The latest rise in COVID-19 infections in Oregon has peaked and is heading down, though Central Oregon continues to have some of the top case numbers and infection rates in the state.
The Oregon Health Authority released the weekly COVID-19 risk level numbers late Monday morning. The official announcement on any changes in risk levels — and restrictions in each county — will not be announced by Gov. Kate Brown until Tuesday.
But some of the numbers showed clear indicators of what to expect.
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Overall, they show a slight decline COVID-19 cases over the past two weeks, compared to last week's report.
The state reported 10,755 new cases over the two-week period, which equals 252 cases per 100,000 residents. Both are slight declines over the previous period.
The rate of positive cases remains at 6.4% — state officials say anything above 5% has the potential to lead to a rebound of cases.
Several counties had case rates that would in the past have pushed them into the extreme risk category. For large counties, an infection rate of more than 200 per 100,000 people would place them in the most restrictive of the state's four risk level tiers.
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But Brown introduced a new metric last month that keeps counties from the harshest limits, including a ban on indoor dining.
Counties will not be put in the extreme risk level regardless of their own COVID-19 numbers if the state overall has under 300 hospitalizations for COVID-19. After that threshold is crossed, an increase of 15% has to be met to hit the extreme risk level.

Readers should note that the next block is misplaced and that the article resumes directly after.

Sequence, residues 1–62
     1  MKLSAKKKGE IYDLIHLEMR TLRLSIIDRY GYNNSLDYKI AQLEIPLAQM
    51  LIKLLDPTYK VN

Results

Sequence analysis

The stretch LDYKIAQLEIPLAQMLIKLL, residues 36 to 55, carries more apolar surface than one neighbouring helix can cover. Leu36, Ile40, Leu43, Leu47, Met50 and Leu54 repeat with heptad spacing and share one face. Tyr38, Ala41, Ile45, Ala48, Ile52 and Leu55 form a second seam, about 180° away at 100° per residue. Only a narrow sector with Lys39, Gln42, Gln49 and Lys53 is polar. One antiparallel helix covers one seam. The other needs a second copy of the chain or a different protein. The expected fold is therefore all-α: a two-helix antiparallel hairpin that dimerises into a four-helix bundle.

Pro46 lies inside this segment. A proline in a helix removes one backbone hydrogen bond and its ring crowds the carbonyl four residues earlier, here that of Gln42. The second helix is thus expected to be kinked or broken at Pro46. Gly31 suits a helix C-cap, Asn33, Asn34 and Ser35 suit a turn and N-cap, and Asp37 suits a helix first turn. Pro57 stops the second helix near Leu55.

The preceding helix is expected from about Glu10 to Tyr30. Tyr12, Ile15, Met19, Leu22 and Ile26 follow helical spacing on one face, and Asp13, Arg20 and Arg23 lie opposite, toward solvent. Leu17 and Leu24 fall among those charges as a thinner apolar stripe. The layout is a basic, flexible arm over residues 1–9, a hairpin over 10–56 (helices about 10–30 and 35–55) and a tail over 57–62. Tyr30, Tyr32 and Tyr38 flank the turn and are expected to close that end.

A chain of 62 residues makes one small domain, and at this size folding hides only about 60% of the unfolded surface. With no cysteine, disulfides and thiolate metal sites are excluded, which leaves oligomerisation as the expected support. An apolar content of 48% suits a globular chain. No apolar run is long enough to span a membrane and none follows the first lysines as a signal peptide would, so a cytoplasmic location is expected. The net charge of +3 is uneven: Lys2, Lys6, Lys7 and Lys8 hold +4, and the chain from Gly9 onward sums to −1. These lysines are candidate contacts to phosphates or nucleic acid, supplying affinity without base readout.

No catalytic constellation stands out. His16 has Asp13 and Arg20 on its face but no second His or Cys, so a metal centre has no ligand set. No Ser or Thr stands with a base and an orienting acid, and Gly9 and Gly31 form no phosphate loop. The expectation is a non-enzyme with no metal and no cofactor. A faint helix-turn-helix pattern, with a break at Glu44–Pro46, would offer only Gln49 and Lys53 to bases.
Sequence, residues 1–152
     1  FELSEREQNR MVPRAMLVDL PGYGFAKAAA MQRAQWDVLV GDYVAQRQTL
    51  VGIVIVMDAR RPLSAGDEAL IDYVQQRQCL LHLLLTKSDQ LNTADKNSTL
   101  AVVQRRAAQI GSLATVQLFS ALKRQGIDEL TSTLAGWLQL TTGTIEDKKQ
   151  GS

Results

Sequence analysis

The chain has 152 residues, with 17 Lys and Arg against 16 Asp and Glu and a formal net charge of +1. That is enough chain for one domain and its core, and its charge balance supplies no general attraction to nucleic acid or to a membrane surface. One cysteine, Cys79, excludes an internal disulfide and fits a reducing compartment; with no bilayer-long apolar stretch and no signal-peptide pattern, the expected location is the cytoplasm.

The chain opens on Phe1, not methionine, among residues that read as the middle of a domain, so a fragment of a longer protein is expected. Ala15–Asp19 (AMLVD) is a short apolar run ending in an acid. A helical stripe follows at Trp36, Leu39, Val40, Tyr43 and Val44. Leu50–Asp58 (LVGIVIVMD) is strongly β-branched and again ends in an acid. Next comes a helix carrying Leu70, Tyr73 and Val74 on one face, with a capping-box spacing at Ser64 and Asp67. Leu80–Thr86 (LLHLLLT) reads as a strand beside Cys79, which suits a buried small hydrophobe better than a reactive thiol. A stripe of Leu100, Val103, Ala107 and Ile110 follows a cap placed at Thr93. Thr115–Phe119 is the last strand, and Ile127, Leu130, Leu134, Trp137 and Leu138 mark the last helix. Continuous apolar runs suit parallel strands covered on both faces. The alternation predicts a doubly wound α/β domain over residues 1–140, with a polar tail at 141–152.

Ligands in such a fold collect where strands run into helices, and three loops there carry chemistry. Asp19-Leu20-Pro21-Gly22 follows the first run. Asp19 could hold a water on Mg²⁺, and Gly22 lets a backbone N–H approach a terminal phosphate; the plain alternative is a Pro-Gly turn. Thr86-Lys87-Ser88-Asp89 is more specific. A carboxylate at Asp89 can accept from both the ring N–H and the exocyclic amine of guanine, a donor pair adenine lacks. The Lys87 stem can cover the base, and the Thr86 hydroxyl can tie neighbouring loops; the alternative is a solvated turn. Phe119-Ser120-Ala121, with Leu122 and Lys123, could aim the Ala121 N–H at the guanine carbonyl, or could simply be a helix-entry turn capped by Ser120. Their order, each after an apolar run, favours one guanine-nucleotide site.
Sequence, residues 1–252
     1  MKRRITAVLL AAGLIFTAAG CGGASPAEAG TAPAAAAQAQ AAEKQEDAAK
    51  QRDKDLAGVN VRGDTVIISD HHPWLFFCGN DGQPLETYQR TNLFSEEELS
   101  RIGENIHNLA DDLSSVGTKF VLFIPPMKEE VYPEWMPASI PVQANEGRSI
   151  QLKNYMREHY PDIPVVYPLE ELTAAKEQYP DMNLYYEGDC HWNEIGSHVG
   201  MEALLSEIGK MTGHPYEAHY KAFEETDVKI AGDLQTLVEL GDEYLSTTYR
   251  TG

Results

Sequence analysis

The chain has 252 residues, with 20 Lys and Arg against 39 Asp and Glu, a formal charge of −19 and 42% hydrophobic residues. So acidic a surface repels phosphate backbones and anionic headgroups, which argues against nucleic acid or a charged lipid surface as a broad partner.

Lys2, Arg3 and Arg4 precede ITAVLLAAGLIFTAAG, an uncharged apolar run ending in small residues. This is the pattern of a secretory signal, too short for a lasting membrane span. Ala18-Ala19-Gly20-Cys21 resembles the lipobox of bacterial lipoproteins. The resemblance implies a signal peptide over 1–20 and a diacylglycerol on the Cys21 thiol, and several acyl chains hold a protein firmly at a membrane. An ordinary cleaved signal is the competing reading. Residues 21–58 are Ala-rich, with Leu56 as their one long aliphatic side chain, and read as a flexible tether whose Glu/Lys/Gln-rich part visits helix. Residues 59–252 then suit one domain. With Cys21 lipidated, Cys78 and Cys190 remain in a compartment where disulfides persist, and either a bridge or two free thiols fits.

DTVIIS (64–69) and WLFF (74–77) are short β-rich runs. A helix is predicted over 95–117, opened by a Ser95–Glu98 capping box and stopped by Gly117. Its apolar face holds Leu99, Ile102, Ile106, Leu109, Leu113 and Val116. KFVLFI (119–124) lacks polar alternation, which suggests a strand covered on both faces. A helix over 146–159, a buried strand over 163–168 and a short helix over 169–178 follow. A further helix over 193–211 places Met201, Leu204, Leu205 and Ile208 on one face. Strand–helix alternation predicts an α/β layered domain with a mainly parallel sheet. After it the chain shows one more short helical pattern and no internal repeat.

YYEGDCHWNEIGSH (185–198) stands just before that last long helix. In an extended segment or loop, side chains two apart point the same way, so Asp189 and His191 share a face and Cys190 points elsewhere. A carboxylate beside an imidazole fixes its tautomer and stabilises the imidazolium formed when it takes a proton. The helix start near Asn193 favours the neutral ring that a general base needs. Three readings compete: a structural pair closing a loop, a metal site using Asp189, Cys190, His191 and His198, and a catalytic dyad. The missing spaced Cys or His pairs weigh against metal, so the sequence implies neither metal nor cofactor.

As of Monday, the Oregon Health Authority reported 324 confirmed COVID-19 cases in the state, a slight reduction over the last period.
Under the rules, those numbers mean no counties will be put in extreme risk level when the new limits are announced Tuesday and go into effect May 14.
The new numbers show Central Oregon has among the highest levels of infection and rates. Deschutes, Crook and Jefferson counties are well above the 200 infections per 100,000 mark. But because of the statewide metric requirement, they will almost certainly stay in the high risk limit level, the second more restrictive of the state's four tiers.
Deschutes County reported 1,069 COVID-19 cases over the past two weeks, with the cases per 100,000 rising to 542.6. Also up is the positive test rate, which at 9% is seen by health officials as a figure that could lead to future exponential growth of cases.
Crook County reported 546 cases per 100,000, a slight increase. But its test positivity rate fell to 8.6% from 9%. While still high, the rate is trending in the right direction.
Jefferson County also saw its rate per 100,000 rise to 315.3 cases per 100,000, but its positive test rate fell to 8.5% from 8.9%.
Deschutes County didn't post the worst numbers of Oregon's large counties only because neighboring Klamath County is so much higher than any populous area in the state.